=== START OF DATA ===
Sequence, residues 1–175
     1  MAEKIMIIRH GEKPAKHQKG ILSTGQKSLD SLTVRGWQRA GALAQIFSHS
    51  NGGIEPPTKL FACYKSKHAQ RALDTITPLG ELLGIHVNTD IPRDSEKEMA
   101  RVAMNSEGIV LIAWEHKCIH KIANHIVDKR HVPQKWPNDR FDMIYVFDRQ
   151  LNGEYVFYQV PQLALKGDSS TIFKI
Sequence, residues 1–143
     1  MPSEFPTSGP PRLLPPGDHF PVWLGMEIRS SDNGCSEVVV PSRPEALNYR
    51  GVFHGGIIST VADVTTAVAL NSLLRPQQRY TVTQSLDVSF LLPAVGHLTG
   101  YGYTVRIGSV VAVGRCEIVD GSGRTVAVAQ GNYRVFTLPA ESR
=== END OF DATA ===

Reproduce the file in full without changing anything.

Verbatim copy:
Sequence, residues 1–175
     1  MAEKIMIIRH GEKPAKHQKG ILSTGQKSLD SLTVRGWQRA GALAQIFSHS
    51  NGGIEPPTKL FACYKSKHAQ RALDTITPLG ELLGIHVNTD IPRDSEKEMA
   101  RVAMNSEGIV LIAWEHKCIH KIANHIVDKR HVPQKWPNDR FDMIYVFDRQ
   151  LNGEYVFYQV PQLALKGDSS TIFKI
Sequence, residues 1–143
     1  MPSEFPTSGP PRLLPPGDHF PVWLGMEIRS SDNGCSEVVV PSRPEALNYR
    51  GVFHGGIIST VADVTTAVAL NSLLRPQQRY TVTQSLDVSF LLPAVGHLTG
   101  YGYTVRIGSV VAVGRCEIVD GSGRTVAVAQ GNYRVFTLPA ESR